URS requirements for gTLD registries have not yet been finalized, but this is moot as they don’t apply to .pw anyway.
To date, only two UDRP complaints have been filed over .pw domains.
The National Arbitration Forum will be handling URS complaints. Instructions for filing can be found here.
Newish gTLDs .tel and .xxx are among the most secure top-level domains, while .cn and .pw are the most risky.
That’s according to new gTLD services provider Architelos, which today published a report analyzing the prevalence of abuse in each TLD.
Assigning an “abuse per million domains” score to each TLD, the company found .tel the safest with 0 and .cn the riskiest, with a score of 30,406.
Recently relaunched .pw, which has had serious problems with spammers, came in just behind .cn, with a score of 30,151.
Generally, the results seem to confirm that the more tightly controlled the registration process and the more expensive the domain, the less likely it is to see abuse.
Norway’s .no and ICM Registry’s .xxx scored 17 and 27, for example.
Surprisingly, the free ccTLD for Tokelau, .tk, which is now the second-largest TLD in the world, had only 224 abusive domains per million under management, according to the report..
Today’s report ranked TLDs with over 100,000 names under management. Over 90% of the abusive domains used to calculate the scores were related to spam, rather than anything more nefarious.
The data was compiled from Architelos’ NameSentry service, which aggregates abusive URLs from numerous third-party sources and tallies up the number of times each TLD appears.
The methodology is very similar to the one DI PRO uses in TLD Health Check, but Architelos uses more data sources. NameSentry is also designed to automate the remediation workflow for registries.
Directi’s .PW Registry has taken over 250,000 domain registrations in the two and a half months since it launched, largely thanks to growth in China.
According to recent DomainTools research, Chinese registrars such as DNSPod and Xin Net lead .pw sales, and .PW business head Sandeep Ramchandani told DI today that this trend is now even more noticeable.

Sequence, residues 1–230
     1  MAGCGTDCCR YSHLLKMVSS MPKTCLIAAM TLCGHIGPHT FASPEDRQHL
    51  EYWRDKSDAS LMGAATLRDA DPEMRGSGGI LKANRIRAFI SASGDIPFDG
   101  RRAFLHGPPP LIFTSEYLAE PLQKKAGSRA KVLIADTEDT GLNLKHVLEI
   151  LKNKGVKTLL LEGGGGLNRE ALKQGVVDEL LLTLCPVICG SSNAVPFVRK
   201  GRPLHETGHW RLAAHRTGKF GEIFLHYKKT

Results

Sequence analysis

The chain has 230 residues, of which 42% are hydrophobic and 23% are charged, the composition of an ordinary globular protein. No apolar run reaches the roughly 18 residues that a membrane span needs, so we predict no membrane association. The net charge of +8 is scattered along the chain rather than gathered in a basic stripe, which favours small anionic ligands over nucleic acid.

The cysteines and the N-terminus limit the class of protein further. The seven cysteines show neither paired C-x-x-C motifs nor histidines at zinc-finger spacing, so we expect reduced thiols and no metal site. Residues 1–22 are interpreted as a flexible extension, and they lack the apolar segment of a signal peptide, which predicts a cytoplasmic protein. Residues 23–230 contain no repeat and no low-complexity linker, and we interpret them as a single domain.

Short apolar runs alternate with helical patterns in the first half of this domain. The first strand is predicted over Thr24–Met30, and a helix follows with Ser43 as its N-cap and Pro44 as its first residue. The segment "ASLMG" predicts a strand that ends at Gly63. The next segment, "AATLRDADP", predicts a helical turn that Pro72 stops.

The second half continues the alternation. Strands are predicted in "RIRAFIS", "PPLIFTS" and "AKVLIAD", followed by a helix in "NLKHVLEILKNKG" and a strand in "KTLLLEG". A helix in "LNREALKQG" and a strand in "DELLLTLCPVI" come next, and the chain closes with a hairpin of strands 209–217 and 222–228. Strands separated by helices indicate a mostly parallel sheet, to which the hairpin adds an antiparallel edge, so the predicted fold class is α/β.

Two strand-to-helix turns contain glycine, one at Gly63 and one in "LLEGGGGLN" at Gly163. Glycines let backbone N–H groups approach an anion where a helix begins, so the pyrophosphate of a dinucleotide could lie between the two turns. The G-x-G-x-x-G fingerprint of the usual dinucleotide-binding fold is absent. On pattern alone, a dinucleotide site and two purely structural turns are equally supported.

The frankly surprising volume seems to be due largely to its low pricing and some aggressive registrar promotion. Xin Net, for example, sells .pw names for about $6 each, compared to $9 for .com.
While Chinese-script domains are available, most registrations are for Latin strings, Ramchandani said.
The 250,000 number excludes domains that have been deleted for abuse, of which there have been quite a lot.
Ramchandani said that the registry’s abuse department is staffed around the clock.
Directi is using NameSentry from Architelos to track abusive names and has made deals with the most-abused registrars to take down names at the registry level when they pop up, he said.
Directi has sold u.pw to social media linking service Upworthy for what is likely to be a five-figure sum.
Upworthy will use the domain for its custom link-shorteners.
It’s the third announced single-character .pw sale to be announced. The first two, w.pw and p.pw were sold to a hosting company for $8,000 each.
I expect u.pw sold for a little more, judging by the catalog of single-letter names listed on PremiumDomains.pw, which have buy-it-now prices of $10,000 to $12,000.
It’s potentially a nicer deal in terms of visibility for the recently relaunched ccTLD too.
Year-old Upworthy, which has been funded to the tune of $4 million, is a viral video site for “worthy” content, meaning its main purpose is to have its links spread far and wide.
Another recently relaunched ccTLD, had a similar — if much more high-profile — anchor tenant in Twitter, which bought t.co for its in-house URL shortening service.
At one point, single-character .co domains were said to be selling for $1.5 million a pop, which just goes to show how far a nice TLD string can impact prices.